Nova Formworks’ decade-long journey to making construction as easy as building legos
To combat problems with steel and plywood formworks in construction, Vikas Mittal introduced plastic formworks in the market making construction a simple process.
For some, the early 2000’s is a time when the real estate market was booming. Until the financial crisis in 2008, the sector saw annual growth of 30% in India.
During this time, formworks—structures designed to keep cement in place still it turns solid—were made with plywood and steel. Vikas Mittal, a plastic manufacturer in Delhi, was among the first to notice the shortcomings of these methods.
Though not an engineer, Mittal understood the ways of the industry quicker than others owing to the time he spent around his father, Jagdish Rai Mittal, who had a plastic manufacturing business in Bengaluru.
In 1970s, Rai ran a cable manufacturing company in Delhi. In 1976, he relocated to Bengaluru and set up a PVC pipe manufacturing company, subsequently expanding into plastic compounding in the 1990s called Wonder Moldplast.
“When I visited the factory, my father always used to keep me on the work floor and never in the office,” Mittal recalls.
The experience on the floor eventually helped him later on, when he joined his father’s company in the '90s and took charge of the factory independently—eventually diversifying into plastic molded furniture and setting up a factory in Ghaziabad.
Eventually, Mittal was eager to tap into the use of plastic in construction. This is when he set up Nova Formworks Pvt Ltd and hasn't looked back since.
Finding a viable solution
Structures that were used to make buildings back in 2005 needed a number of workers which often led to increased labour costs. Mittal chose to address these issues by introducing plastic as a material for formwork construction beginning with a plastic ply offering in 2015.
However, this product lacked durability—it lacked a locking system and the polymer was not strong enough to retain its shape with changing temperatures of cement.
“In 2011, after years of research and redesigning efforts, we developed a comprehensive formwork system with a secure locking mechanism which we patented,” said Mittal. “This locking system ensured a leak-free construction process. It was lightweight and could be used multiple times.”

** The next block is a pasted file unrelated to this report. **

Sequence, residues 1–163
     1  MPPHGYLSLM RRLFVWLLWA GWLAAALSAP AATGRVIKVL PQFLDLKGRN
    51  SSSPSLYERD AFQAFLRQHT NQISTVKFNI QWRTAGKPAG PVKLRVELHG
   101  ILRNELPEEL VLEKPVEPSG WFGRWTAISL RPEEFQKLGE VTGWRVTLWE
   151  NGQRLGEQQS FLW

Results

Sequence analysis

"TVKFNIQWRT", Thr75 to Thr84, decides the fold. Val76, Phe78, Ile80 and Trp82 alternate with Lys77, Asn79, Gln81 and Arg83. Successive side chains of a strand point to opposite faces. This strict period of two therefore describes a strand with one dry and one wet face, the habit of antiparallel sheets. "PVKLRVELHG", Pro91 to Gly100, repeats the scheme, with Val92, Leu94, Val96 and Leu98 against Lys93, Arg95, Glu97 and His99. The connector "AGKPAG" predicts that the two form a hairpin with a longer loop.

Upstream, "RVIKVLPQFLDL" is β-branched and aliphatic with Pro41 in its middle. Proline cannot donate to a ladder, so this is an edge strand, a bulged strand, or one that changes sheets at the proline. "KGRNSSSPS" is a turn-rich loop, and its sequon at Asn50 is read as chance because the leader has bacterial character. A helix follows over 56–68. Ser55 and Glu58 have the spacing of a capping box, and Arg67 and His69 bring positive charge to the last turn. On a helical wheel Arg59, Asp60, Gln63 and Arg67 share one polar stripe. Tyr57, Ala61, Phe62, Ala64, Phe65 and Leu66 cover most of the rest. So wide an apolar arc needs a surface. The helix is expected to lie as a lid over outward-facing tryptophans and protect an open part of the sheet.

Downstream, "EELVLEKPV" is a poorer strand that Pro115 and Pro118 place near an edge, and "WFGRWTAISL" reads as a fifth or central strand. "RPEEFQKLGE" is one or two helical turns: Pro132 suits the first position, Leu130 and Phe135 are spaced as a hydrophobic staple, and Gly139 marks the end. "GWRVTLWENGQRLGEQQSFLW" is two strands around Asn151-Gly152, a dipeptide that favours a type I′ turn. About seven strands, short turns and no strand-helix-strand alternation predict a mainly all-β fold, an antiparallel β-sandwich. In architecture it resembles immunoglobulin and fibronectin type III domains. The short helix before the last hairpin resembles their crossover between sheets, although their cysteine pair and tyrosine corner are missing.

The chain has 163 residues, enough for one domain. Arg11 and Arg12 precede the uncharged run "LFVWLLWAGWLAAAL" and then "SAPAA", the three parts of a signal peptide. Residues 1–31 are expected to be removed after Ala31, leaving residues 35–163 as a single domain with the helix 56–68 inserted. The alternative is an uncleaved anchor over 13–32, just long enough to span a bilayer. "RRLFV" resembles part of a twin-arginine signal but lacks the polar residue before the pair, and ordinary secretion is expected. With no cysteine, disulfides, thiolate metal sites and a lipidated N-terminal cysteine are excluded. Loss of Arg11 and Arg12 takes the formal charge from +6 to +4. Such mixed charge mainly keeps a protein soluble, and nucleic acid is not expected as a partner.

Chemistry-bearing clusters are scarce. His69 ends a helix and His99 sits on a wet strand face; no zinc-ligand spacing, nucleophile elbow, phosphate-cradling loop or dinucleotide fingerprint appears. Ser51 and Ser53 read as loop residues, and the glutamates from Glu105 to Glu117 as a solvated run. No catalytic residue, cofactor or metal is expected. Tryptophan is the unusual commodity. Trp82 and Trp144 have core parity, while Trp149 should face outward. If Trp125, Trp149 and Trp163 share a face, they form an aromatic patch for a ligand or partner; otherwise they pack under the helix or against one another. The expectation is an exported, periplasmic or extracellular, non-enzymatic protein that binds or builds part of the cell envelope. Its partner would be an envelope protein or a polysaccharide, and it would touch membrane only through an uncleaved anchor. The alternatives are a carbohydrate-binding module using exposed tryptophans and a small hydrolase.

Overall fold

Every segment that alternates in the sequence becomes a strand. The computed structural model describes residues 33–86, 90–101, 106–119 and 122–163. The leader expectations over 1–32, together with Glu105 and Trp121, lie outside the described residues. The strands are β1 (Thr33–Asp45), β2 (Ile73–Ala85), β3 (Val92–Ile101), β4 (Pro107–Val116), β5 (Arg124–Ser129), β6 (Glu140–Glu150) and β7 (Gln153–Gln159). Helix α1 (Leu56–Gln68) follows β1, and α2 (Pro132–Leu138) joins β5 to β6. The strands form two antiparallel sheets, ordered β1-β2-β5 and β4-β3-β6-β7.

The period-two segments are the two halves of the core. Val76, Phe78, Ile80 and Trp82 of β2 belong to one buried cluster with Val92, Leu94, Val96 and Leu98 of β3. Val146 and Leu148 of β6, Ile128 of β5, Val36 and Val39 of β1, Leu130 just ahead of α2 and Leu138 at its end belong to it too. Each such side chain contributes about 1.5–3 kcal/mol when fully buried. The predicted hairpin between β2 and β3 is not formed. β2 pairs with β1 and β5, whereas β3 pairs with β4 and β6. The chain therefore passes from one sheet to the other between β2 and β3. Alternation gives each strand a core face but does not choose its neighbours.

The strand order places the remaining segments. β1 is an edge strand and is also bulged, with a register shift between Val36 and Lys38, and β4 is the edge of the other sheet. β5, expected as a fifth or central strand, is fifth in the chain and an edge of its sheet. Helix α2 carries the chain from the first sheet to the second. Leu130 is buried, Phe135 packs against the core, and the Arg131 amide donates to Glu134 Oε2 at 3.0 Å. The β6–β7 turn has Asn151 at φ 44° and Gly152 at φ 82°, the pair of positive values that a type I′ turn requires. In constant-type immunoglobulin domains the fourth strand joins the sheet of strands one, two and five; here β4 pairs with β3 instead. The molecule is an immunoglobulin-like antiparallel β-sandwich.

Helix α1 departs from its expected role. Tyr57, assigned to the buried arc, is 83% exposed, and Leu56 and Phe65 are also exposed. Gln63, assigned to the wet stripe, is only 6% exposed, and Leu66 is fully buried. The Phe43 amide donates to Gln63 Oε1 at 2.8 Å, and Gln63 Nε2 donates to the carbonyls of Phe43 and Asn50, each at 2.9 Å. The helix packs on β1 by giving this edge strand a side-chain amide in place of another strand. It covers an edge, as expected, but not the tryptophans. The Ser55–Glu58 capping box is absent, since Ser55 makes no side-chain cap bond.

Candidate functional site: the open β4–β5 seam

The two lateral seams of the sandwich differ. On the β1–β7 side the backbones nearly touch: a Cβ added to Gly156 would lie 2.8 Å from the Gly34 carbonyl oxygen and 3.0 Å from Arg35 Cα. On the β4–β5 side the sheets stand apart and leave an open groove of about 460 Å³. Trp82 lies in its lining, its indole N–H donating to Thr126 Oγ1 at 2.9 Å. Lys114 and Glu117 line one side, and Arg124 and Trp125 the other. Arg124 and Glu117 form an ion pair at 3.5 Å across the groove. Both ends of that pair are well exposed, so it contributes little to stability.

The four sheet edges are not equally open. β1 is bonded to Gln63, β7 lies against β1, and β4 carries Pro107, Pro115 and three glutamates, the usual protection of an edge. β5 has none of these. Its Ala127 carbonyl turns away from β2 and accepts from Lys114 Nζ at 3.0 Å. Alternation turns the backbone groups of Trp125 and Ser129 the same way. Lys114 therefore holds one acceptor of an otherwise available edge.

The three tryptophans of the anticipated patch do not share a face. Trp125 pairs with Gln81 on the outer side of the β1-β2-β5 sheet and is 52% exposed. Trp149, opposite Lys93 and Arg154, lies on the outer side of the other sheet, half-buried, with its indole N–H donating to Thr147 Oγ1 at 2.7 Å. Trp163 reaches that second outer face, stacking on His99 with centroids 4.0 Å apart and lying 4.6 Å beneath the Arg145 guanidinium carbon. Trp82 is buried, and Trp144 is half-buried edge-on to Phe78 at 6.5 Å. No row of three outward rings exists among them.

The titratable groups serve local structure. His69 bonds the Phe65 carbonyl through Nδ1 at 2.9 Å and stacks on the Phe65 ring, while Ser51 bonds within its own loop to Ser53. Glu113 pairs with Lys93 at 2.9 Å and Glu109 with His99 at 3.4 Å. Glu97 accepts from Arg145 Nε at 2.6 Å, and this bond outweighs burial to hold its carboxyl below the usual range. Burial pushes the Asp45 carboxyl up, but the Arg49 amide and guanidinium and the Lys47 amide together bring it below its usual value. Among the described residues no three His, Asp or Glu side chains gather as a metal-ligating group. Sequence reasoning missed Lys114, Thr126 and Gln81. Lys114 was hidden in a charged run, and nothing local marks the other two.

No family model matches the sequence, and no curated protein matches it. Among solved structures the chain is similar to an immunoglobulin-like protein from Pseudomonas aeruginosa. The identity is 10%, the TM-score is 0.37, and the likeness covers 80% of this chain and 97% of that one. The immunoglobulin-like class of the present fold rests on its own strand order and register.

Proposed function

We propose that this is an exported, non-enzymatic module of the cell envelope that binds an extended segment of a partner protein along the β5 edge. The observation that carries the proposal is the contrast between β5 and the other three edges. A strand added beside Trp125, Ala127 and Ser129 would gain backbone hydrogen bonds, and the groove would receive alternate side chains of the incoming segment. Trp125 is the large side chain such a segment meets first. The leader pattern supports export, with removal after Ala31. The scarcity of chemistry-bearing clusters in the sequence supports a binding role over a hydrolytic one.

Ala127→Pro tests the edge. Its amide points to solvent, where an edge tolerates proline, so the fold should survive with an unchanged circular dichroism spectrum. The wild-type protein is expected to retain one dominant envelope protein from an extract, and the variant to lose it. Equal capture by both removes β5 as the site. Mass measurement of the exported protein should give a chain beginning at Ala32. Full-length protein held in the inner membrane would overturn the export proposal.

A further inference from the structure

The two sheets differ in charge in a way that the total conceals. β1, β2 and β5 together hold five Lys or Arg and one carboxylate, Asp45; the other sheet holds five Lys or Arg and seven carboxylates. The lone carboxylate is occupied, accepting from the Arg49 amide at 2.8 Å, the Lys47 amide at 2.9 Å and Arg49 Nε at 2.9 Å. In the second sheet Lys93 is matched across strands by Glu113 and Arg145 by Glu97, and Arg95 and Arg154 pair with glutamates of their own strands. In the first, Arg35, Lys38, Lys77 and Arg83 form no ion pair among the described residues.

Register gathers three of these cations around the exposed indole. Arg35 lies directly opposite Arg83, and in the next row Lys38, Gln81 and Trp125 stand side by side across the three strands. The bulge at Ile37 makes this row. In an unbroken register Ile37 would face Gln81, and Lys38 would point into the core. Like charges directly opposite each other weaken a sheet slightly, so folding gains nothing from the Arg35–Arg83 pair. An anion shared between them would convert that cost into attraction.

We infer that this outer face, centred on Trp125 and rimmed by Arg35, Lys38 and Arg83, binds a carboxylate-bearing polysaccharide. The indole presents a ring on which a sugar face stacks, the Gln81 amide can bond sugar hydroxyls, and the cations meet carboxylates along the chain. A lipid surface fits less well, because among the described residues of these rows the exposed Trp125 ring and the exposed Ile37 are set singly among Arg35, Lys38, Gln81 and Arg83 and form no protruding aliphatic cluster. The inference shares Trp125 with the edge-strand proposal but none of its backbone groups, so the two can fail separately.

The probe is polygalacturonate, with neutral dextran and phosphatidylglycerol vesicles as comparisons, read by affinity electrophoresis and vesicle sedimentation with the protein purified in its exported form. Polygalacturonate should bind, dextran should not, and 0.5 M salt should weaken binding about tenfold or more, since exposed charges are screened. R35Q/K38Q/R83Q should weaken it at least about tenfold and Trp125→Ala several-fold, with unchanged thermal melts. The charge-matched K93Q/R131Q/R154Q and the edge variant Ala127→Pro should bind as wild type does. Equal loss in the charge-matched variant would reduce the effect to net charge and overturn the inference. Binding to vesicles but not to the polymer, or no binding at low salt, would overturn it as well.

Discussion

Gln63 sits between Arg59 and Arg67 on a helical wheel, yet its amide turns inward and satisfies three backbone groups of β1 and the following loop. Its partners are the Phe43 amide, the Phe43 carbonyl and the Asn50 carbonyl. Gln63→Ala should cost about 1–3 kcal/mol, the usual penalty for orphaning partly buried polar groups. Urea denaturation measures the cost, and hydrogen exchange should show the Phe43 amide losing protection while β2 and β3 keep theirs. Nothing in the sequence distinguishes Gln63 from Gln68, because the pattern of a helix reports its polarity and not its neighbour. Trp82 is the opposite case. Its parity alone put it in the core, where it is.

This, Mittal attributes to his experience in plastic compounding which helped in increasing the strength of the polymer.
As per Mittal, Nova Formwork’s products are easily assembled and removed—almost like lego blocks, making it easy for anyone to use it. "Even an unskilled labourer can easily use it. It potentially reduces the overall labor force required for a project," says Mittal.
In 2021, Nova Formworks was recognized as the best company in the scaffolding and formworks category (small) by CIA World Awards. It has two manufacturing units in Bengaluru and Delhi with a team of 200 people.
As per Mittal, it has no direct rivals in India but finds competition in Slovenia, Indonesia, and China.
At first, collaborating with bigger companies and builders accepting of its products was critical for Nova Formworks. During 2013-14 when the real estate industry was facing a slowdown, medium and small-scale contractors as well as builders grew cautious about adopting a new product.
“They were hesitant to believe that plastic formwork could effectively replace traditional materials like wood or steel,” says Mittal.
On the contrary, larger contractors such as L&T, Shapurji Pallonji, Ahluwalia, and Tata Projects were willing to explore the company’s products.
Once the pandemic hit and it brought on labour shortages, the need for innovative products arose again—giving Nova Formworks’ products greater market acceptance. This eventually translated to good business over the last three years. Their client base grew significantly from the 15 businesses it was serving earlier.
The company’s revenue grew from Rs 22 crore in FY21 to Rs 41 crore in FY22. Most recently, it made Rs 62.5 crore in revenue in FY23.
The sustainability question
While plastic may have a reputation for being non-eco-friendly, Nova Formworks is firm that its products stand out due to its ability to be reused multiple times. "One of our customers in Chennai mentioned that they've used it for 400 times," says Mittal.
For a quick comparison, steel formworks in construction can be used 30 to 40 times, and the plywood ones is limited to 5 to 6 uses. While steel can be recycled, it can be an expensive process.
Besides reusability, Nova Formworks offers a 25% replacement value to its customers. For every four used panels they return, they can obtain one new panel.
Despite being 3.5 times more expensive than plywood, Nova's formworks, priced at approximately Rs 6000 per square meter, offer a significantly higher repetition rate. It is easier to work with and reduces labor costs, ultimately leading to faster project completion.
The company also recently introduced a monolithic system within its plastic formwork offerings, a format which is currently treding in real estate. A monolithic system refers to a method where a single formwork system is employed to cast walls, slabs, columns, and various structural elements simultaneously in.
In addition to working in the real estate sector, Nova Formworks also contributes to infrastructure projects for timely completion. It recently deployed its formworks for the construction of underpasses along the Dwarka Expressway in New Delhi for the G20 summit, which required to be constructed fast.
It is also looking to expand its international presence and has started exporting to countries like Zambia, Western Africa, the UAE, Bhutan, Bangladesh, and Malaysia.
Edited by Akanksha Sarma